One year ago this month, the Angels’ Matt Shoemaker transformed himself from one of the worst pitchers in baseball into one of the best. His was a turnaround so unexpected, so lacking in explanation and so massive, it confused the entire sport.
Because of that, and because of the circumstances surrounding his initial emergence at age 27 in 2014, he will always foster hope when he produces a start like he did in the Angels’ 7-0 shutout of Detroit on Friday night at Angel Stadium. It forces the question: Is the great Shoemaker back?
If that answer becomes affirmative in the coming weeks, the moment he returned will be clear. He loaded the bases without an out in the second inning, then became unhittable, pounding the bottom of the strike zone with splitter after splitter. He attributed his success to increased intent.
From that moment forward, Shoemaker retired 15 of the 16 batters he faced and struck out six of them. Miguel Cabrera was the only Tiger to reach base, and he did so with a harmless two-out single.
“That looks like Shoe when he’s on,” Angels manager Mike Scioscia said.
From May 21 to July 22 last year, Shoemaker was on for every start. He logged a superb 2.39 earned-run average over one dozen outings, striking out 93 batters while walking only 10. Because he had carried an awful 9.12 ERA through his first six starts and his performance varied throughout 2014 and 2015, rival talent evaluators were unsure what to make of it.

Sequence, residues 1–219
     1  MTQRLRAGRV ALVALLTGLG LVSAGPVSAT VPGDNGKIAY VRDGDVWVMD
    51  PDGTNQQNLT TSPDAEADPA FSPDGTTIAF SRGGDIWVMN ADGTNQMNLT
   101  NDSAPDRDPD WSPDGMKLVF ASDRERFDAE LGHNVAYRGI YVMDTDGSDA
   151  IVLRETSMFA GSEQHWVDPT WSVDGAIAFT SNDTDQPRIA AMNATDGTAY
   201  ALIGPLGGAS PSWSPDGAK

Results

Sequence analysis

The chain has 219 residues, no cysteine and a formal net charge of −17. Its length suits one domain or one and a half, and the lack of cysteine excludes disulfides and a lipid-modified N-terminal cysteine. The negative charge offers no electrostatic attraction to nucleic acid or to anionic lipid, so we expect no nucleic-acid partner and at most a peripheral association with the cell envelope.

After July 22, he became a more conventional pitcher until a line drive to his head ended his season on Sept. 4. There was success, and there was failure. He was serviceable, but no more than that. And, after recovering from brain surgery, Shoemaker entered Friday night with a 5.21 ERA through seven starts this season, teetering on the border between serviceable and bad.
Even now, those two months last year remain a constant frame of reference. Scioscia cited the run before the game, saying he hoped Shoemaker could recapture it. Asked what went right Friday night, Shoemaker used the same ambiguously powerful word he did to explain himself last summer: intent.
He was asked where that intent went earlier this season.
“I wish I knew the answer to why we get away from that as players,” he said. “Me, especially. There’s no reason. Sometimes, we just go about our business being passive. It’s tough to pinpoint, but the more you’re aggressive, the more you have the intent.
“I just like that word, intent. That’s why I keep using it.”
For the night, Shoemaker struck out seven and allowed only four baserunners. He had thrown 94 pitches through six innings, but the Angels already led by five. So Scioscia pulled him in favor of Blake Parker and also received scoreless relief from veteran David Hernandez and rookie Keynan Middleton.
The Angels, too, loaded the bases without an out in the second inning and did little with it. But they managed one run, to tack on to Luis Valbuena’s solo shot that began that inning. They added a run in the fourth, on a single and double interspersed with groundouts, a run in the fifth on two singles and an error, and a run in the sixth on a double, a bunt and a single.
Well-paid Tigers starter Jordan Zimmermann, not long ago a fringe ace, has this season proven incapable of lasting deep into games. The Angels kept that going, punishing him for 10 hits and three walks in 5 1/3 innings while striking out just twice. They did it again against well-paid Tigers reliever Anibal Sanchez in the eighth, collecting three hits and two runs on Mike Trout’s 430-foot shot to center field.
Trout nearly finished 0 for 4 for the second consecutive night, since his extended absence because of a tight left hamstring. He had not gone 0 for 4 on consecutive days since the first two games of 2016, but he avoided that by clobbering a two-run home run with two outs in the Angels’ half of the eighth.
The Angels (18-20) had not won a game by more than five runs all season, so Friday counted as a clobbering, too.